I spoke to Angharad about the themes in my individual response text Lost In Translation and my idea of creating a collage/collages as the final piece and she to research the artists Peter Kennard and Hannah Höch.
Peter was born in 1949 and is a London based Photo-montage artist. Seeking to reflect his involvement in the anti-Vietnam war movement, he turned from paintings to photo-montage to better address his political. There are references to war and weapons in Lost In Translation so Peters work inspired me as to how I could show these negative aspects of the text.
Hannah Höch was a German Dada artist. Hannah was a pioneer of the art form that became known as photo-montage. Many of her pieces critiqued the mass culture beauty industry at the time. I particularly liked Hannah Höch’s work as they are quite strange, she combines different medias and I love her incorporation of type in the collages.
Once seeing Hannah Höch’s collage work and her involvement in the Dada art movement I wanted to see/find other collages made during this movement to inspire me before I started creating my own collages as well as learn the techniques that the artists used during this time to create their work.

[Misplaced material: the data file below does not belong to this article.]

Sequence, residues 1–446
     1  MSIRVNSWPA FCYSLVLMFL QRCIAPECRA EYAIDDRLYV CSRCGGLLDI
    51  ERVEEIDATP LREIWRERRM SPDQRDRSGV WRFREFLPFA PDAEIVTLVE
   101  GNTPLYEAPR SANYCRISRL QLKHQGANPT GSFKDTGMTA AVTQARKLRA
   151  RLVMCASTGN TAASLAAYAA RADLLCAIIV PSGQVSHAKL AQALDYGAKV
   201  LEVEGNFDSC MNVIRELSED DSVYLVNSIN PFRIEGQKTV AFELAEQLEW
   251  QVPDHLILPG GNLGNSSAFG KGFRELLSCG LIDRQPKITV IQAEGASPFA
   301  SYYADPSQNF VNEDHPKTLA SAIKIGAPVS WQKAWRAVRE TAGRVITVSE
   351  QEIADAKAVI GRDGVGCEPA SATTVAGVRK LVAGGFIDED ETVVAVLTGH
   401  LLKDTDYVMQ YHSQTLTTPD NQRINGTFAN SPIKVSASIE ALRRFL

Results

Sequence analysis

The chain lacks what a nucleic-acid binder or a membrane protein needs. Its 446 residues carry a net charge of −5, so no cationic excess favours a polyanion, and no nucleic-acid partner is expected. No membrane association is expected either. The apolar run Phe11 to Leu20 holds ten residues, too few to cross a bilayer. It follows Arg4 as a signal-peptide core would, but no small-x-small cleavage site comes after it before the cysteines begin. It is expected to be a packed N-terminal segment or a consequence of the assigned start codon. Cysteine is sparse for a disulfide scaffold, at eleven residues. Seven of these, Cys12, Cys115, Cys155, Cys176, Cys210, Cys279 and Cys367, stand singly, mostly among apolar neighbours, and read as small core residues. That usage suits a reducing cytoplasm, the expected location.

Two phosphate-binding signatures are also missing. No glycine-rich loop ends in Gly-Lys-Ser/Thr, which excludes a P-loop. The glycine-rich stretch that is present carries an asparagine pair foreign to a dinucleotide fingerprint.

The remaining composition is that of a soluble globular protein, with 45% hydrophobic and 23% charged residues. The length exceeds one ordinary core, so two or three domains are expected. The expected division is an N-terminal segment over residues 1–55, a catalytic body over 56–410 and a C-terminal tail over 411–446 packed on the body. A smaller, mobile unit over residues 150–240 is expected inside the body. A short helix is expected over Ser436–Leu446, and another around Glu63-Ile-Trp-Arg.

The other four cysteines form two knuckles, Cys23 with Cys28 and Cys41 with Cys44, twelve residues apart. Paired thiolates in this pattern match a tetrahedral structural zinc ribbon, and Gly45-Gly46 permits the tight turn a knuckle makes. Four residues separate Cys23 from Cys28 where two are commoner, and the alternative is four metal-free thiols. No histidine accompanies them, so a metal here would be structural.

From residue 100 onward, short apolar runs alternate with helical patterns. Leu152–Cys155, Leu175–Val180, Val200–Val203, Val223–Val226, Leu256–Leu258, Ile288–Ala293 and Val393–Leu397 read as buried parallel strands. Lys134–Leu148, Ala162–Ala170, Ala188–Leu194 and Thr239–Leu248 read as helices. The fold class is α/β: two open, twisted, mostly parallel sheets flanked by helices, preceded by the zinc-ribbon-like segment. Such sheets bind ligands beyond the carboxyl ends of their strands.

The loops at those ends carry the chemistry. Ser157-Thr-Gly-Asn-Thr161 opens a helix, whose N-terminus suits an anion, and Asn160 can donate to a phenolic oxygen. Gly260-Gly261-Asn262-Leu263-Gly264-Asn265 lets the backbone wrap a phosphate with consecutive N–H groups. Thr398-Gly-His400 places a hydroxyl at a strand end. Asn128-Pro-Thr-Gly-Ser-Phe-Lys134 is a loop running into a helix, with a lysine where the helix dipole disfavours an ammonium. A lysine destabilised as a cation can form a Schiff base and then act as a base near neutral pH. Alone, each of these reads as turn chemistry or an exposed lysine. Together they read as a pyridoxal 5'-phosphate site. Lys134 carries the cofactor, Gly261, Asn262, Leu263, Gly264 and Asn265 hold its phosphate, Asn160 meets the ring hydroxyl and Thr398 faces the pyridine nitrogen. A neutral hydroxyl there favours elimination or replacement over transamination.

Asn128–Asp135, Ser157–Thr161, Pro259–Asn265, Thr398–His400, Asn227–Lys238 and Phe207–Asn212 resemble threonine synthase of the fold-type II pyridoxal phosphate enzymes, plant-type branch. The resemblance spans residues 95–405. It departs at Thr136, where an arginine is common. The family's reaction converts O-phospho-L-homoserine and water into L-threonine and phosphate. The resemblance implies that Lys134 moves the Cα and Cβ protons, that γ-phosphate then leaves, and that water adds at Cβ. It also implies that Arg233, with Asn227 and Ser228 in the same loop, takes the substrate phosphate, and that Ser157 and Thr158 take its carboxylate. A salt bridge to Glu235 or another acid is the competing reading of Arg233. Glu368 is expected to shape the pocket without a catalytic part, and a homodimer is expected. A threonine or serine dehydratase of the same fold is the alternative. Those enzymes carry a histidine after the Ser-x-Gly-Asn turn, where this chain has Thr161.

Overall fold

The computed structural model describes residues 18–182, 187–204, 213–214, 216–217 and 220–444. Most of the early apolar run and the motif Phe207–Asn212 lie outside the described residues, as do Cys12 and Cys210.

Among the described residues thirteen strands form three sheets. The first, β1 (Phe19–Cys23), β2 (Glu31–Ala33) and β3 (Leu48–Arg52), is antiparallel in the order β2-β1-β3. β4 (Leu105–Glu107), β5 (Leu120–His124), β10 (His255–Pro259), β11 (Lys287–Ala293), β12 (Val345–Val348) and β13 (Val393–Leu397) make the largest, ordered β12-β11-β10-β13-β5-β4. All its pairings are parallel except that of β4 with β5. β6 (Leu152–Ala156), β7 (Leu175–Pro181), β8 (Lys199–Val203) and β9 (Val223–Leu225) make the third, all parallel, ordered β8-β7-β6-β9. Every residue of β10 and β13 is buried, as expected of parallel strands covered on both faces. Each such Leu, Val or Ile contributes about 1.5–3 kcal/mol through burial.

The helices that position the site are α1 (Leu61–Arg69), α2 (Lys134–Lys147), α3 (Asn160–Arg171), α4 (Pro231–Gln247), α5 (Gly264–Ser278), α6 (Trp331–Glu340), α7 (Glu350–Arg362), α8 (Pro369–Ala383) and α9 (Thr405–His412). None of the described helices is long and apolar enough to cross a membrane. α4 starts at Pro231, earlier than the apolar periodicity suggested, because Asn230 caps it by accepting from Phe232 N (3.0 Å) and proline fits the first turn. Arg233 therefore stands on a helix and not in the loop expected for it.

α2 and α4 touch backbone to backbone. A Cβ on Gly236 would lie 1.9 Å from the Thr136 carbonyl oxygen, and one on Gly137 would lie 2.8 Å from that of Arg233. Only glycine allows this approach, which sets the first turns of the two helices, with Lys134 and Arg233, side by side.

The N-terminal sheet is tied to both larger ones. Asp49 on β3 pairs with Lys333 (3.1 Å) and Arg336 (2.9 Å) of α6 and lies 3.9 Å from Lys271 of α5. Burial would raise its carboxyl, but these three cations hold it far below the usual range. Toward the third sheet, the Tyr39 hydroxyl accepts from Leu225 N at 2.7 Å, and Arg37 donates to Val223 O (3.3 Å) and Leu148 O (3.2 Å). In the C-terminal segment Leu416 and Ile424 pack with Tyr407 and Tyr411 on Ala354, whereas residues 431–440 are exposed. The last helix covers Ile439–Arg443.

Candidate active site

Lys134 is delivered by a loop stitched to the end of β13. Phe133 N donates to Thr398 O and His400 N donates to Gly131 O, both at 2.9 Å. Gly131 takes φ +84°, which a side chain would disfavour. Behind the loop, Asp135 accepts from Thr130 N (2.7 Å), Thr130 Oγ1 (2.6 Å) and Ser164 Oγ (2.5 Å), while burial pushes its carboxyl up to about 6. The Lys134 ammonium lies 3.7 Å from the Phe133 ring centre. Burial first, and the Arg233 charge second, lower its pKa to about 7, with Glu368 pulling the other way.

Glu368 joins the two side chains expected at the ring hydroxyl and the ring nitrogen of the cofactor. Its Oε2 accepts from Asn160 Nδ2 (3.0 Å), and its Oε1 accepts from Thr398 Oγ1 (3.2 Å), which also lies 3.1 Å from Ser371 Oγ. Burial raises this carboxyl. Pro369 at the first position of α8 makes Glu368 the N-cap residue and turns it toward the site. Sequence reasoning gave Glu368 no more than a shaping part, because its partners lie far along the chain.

Dada or Dadaism was an art movement formed during the first world war in Zurich. The dadaists found their ideal means of expression in the collage and all explored its possibilities. The Dadaists pasted paper, fabric and other two dimensional material to their work, breaking down the barrier between art and everyday life. The Dadaists abandoned the pretence of still life or other identifiable subject matter in favour of abstract collages, and they cast their net wider for their source materials. The collages of Kurt Schwitters for example, included such items as transportation tickets, calender’s, candy wrappers, lace, printed pamphlets and other disposable items collected in the course of the artists daily life. Here is some of my favourite collages from the Dada art movement below.